# How to Perform Quadratic Regression in Python

Quadratic regression is a type of regression we can use to quantify the relationship between a predictor variable and a response variable when the true relationships is quadratic, which may look like a “U” or an upside-down “U” on a graph.

That is, when the predictor variable increases the response variable tends to increase as well, but after a certain point the response variable begins to decrease as the predictor variable keeps increasing.

This tutorial explains how to perform quadratic regression in Python.

## Example: Quadratic Regression in Python

Suppose we have data on the number of hours worked per week and the reported happiness level (on a scale of 0-100) for 16 different people:

```import numpy as np
import scipy.stats as stats

#define variables
hours = [6, 9, 12, 12, 15, 21, 24, 24, 27, 30, 36, 39, 45, 48, 57, 60]
happ = [12, 18, 30, 42, 48, 78, 90, 96, 96, 90, 84, 78, 66, 54, 36, 24]```

If we make a simple scatterplot of this data we can see that the relationship between the two variables is “U” shaped:

```import matplotlib.pyplot as plt

#create scatterplot
plt.scatter(hours, happ)``` As hours worked increases, happiness also increases but once hours worked passes around 35 hours per week happiness starts to decline.

Because of this “U” shape, this means quadratic regression is likely a good candidate to quantify the relationship between the two variables.

To actually perform quadratic regression, we can fit a polynomial regression model with a degree of 2 using the numpy.polyfit() function:

```import numpy as np

#polynomial fit with degree = 2
model = np.poly1d(np.polyfit(hours, happ, 2))

#add fitted polynomial line to scatterplot
polyline = np.linspace(1, 60, 50)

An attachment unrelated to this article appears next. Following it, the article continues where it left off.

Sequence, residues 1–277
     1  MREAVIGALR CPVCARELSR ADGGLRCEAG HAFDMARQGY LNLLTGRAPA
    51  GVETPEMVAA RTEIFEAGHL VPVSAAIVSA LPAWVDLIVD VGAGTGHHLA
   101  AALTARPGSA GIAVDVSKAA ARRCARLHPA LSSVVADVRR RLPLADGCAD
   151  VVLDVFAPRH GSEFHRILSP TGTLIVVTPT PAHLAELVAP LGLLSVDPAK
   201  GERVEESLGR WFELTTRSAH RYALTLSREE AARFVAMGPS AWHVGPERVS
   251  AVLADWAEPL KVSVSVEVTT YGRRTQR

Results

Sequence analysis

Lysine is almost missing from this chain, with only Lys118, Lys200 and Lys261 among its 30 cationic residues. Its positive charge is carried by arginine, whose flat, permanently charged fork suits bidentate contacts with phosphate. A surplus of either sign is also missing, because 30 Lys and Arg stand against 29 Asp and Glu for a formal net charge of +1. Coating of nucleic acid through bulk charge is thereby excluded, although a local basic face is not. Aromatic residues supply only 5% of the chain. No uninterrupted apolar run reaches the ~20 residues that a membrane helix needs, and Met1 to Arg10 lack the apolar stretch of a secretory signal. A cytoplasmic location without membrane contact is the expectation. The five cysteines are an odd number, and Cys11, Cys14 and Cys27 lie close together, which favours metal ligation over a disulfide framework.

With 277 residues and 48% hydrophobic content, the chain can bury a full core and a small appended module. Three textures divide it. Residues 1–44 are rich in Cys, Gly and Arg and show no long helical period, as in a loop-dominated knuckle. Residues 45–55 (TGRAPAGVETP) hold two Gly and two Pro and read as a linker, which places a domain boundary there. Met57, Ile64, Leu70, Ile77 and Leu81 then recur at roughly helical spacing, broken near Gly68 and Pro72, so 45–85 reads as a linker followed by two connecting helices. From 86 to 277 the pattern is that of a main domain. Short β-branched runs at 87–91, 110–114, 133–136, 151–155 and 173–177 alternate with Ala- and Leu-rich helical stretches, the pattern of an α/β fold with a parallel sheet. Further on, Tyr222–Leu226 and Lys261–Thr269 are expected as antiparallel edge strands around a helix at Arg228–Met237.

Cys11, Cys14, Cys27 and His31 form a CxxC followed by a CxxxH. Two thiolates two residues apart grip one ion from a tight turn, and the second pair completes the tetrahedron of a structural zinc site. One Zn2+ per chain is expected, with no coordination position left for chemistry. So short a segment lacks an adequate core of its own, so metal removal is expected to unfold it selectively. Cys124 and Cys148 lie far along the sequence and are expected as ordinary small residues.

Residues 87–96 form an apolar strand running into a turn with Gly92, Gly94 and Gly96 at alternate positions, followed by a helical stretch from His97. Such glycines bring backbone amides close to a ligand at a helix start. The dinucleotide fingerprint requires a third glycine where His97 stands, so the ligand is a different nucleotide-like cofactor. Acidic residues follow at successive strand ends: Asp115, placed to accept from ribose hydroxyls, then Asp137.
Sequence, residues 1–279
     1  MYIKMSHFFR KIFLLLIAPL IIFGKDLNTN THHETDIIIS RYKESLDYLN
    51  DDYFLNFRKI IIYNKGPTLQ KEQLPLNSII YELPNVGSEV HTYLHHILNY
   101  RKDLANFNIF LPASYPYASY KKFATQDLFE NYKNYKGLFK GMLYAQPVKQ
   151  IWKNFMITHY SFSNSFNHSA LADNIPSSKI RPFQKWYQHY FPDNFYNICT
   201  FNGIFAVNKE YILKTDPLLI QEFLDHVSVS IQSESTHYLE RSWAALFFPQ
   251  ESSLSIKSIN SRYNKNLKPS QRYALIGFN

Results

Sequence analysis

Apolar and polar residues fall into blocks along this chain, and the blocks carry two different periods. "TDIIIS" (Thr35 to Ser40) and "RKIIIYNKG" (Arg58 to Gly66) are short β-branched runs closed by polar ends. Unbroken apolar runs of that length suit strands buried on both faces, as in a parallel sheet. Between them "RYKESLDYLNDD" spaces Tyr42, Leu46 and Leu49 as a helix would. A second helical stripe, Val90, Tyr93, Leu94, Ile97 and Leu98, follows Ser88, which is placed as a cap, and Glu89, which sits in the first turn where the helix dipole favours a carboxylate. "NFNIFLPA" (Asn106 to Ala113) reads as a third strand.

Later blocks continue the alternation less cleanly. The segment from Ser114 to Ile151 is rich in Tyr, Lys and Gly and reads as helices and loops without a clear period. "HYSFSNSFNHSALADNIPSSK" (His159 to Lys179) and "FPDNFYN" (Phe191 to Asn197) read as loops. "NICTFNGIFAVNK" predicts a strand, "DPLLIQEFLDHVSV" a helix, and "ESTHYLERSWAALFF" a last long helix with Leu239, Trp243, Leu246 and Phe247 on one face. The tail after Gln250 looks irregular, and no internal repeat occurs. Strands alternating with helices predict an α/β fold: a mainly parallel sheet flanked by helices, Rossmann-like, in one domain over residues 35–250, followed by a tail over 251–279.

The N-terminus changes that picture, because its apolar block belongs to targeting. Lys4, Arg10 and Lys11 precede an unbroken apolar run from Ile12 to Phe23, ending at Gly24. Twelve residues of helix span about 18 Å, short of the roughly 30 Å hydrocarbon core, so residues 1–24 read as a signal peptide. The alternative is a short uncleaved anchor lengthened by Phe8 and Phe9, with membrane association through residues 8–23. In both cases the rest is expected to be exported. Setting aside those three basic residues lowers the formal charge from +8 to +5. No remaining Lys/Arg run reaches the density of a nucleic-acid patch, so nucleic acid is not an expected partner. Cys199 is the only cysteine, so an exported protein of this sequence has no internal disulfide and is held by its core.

plt.scatter(hours, happ)
plt.plot(polyline, model(polyline))
plt.show()``` We can obtain the fitted polynomial regression equation by printing the model coefficients:

```print(model)

-0.107x2 + 7.173x - 30.25
```

The fitted quadratic regression equation is:

Happiness = -0.107(hours)2 + 7.173(hours) – 30.25

We can use this equation to calculate the expected happiness level of an individual based on their hours worked. For example, the expected happiness level of someone who works 30 hours per week is:

Happiness = -0.107(30)2 + 7.173(30) – 30.25 = 88.64.

We can also write a short function to obtain the R-squared of the model, which is the proportion of the variance in the response variable that can be explained by the predictor variables.

```#define function to calculate r-squared
def polyfit(x, y, degree):
results = {}
coeffs = np.polyfit(x, y, degree)
p = np.poly1d(coeffs)
#calculate r-squared
yhat = p(x)
ybar = np.sum(y)/len(y)
ssreg = np.sum((yhat-ybar)**2)
sstot = np.sum((y - ybar)**2)
results['r_squared'] = ssreg / sstot

return results

#find r-squared of polynomial model with degree = 3
polyfit(hours, happ, 2)

{'r_squared': 0.9092114182131691}
```

In this example, the R-squared of the model is 0.9092.

This means that 90.92% of the variation in the reported happiness levels can be explained by the predictor variables.